|Publication number||US7877947 B2|
|Application number||US 10/549,610|
|Publication date||Feb 1, 2011|
|Filing date||Mar 19, 2004|
|Priority date||Mar 20, 2003|
|Also published as||EP1611294A1, EP1611294B1, US20070130859, US20110083385, WO2004083549A1|
|Publication number||10549610, 549610, PCT/2004/2984, PCT/EP/2004/002984, PCT/EP/2004/02984, PCT/EP/4/002984, PCT/EP/4/02984, PCT/EP2004/002984, PCT/EP2004/02984, PCT/EP2004002984, PCT/EP200402984, PCT/EP4/002984, PCT/EP4/02984, PCT/EP4002984, PCT/EP402984, US 7877947 B2, US 7877947B2, US-B2-7877947, US7877947 B2, US7877947B2|
|Inventors||Bjorn Oddvar Borressen, Jon Cato Olsen, Lukas Zyznowski|
|Original Assignee||Quicktech Systems Ab|
|Export Citation||BiBTeX, EndNote, RefMan|
|Patent Citations (19), Referenced by (8), Classifications (7), Legal Events (3)|
|External Links: USPTO, USPTO Assignment, Espacenet|
1. Field of the Invention
The present invention relates to construction materials and methods and more particularly to a method for building using glass blocks and to a device for use with the method.
2. Description of the Related Art
Glass blocks have become increasingly popular in construction work and also in connection with the architectural decoration of both private dwellings and office or industrial buildings. In this context “glass block” is a generic term for generally right-angled, square or rectangular building blocks consisting basically of two sheets of glass that have been fused together. The sheets of glass may be patterned, rough, smooth and more or less transparent or translucent.
There is an air-filled cavity between the sheets of glass, which provides the glass block with good insulating properties both for sound and heat insulation. For this reason, such blocks are increasingly used for exterior walls or “windows” as well as for internal walls and partitions.
Because of the way they are made, even though they have high levels of rigidity and strength, glass building blocks of this kind are exposed to certain limitations as regards load. These limitations are largely determined by the skill and care with which the wall is assembled.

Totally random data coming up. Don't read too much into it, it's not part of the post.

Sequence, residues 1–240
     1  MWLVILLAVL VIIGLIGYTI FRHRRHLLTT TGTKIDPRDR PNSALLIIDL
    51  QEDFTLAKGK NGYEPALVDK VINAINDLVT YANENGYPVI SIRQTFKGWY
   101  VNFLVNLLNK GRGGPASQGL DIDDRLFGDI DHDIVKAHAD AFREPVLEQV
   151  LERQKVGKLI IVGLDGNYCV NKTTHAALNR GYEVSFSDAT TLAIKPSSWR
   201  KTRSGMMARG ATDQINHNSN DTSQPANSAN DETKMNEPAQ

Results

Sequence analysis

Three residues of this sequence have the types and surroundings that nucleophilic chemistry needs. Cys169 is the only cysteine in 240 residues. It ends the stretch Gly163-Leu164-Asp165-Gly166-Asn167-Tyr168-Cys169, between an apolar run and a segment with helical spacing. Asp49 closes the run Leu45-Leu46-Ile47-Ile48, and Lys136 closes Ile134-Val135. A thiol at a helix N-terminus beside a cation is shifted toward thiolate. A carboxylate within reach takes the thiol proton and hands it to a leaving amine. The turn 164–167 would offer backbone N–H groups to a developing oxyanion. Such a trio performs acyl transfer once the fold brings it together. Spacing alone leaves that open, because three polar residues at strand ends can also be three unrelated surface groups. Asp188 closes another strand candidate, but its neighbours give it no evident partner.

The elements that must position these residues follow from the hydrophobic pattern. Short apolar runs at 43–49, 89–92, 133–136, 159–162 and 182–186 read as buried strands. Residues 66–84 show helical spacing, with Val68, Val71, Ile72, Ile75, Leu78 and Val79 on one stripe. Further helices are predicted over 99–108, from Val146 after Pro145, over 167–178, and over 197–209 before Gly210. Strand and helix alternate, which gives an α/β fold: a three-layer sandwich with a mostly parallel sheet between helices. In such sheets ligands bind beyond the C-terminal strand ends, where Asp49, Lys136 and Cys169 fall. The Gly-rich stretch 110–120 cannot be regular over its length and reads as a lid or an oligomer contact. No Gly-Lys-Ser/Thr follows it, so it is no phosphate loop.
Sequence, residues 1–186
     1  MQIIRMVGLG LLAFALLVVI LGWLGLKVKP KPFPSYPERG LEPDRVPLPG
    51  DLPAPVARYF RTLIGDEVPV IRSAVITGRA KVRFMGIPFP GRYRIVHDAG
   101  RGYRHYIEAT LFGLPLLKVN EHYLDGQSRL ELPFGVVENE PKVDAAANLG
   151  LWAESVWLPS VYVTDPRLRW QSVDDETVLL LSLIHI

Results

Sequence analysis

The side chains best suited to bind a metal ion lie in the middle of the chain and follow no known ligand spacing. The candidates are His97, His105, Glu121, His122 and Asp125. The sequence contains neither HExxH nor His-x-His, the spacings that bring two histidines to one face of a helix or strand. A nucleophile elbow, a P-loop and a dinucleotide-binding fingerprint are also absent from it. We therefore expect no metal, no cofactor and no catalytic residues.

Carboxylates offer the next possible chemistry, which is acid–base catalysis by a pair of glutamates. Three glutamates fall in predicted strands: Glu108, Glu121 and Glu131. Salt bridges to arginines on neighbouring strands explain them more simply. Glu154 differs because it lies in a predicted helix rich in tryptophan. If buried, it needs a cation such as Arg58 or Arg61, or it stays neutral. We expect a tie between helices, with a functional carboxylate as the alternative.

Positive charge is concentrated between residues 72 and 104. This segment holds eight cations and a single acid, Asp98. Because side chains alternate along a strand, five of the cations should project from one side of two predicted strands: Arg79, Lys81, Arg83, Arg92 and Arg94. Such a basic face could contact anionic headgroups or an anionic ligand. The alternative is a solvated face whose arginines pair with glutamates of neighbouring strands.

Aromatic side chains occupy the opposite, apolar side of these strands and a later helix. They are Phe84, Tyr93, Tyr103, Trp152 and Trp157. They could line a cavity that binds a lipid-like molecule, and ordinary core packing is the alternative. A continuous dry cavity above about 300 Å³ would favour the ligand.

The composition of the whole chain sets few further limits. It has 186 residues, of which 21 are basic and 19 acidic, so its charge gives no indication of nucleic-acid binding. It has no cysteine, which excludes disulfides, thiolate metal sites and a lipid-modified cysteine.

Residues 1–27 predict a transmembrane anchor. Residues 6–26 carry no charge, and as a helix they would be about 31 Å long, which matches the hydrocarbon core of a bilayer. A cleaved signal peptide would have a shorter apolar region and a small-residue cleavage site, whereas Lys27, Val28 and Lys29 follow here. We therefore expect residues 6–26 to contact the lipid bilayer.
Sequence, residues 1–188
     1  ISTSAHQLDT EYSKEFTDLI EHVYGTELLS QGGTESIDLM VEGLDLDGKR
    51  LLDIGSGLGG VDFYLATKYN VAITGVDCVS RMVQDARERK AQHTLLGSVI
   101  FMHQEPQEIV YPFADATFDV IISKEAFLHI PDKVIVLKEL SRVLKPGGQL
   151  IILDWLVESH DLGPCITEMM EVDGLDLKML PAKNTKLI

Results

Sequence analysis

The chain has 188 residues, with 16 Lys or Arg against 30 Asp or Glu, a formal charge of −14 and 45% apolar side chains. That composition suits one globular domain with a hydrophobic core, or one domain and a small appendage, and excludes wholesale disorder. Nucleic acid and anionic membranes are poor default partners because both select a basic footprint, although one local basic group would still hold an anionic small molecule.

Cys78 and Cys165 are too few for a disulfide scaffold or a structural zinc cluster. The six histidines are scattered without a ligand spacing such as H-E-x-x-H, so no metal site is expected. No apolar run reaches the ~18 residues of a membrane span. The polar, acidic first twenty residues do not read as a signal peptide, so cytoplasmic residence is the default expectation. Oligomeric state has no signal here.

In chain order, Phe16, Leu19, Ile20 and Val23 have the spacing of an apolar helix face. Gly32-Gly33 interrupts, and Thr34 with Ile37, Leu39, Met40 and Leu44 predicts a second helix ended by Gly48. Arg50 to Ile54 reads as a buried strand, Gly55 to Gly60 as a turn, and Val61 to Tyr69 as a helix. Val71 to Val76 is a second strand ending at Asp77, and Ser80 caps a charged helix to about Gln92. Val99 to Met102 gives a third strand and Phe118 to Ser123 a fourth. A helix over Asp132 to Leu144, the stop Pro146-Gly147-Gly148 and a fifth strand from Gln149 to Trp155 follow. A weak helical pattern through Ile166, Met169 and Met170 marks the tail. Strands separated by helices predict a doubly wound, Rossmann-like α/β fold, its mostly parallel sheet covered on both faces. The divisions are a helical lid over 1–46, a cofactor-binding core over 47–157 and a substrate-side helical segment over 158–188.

The classical building method when building with such glass blocks has been to lay a first course or layer of blocks with mortar between adjacent blocks. A layer of mortar is then laid along the top surface, followed by a second course of blocks. It has then been necessary to wait until an extensive degree of setting or hardening has taken place before further courses can be laid. Such methods of building are time-consuming and protracted.
More recently, alternative methods of building have been developed in which spacer members are placed between adjacent glass blocks. These spacer members may be formed of metal or plastics and are adapted to the edge profiles of the blocks. They are also carefully dimensioned to ensure the desired spacing between courses and also between adjacent blocks on the same course. Various different methods have been used to maintain the blocks together. According to the disclosure of U.S. Pat. No. 5,484,702, an assembly of glass blocks provided with spacers may be completely surrounded by a metal or polyester strip, which serves to bind them together. Such a construction is inherently impractical and relies on the successful tensioning of the strip. The possibility of building curved walls incorporating such a strip is not foreseen.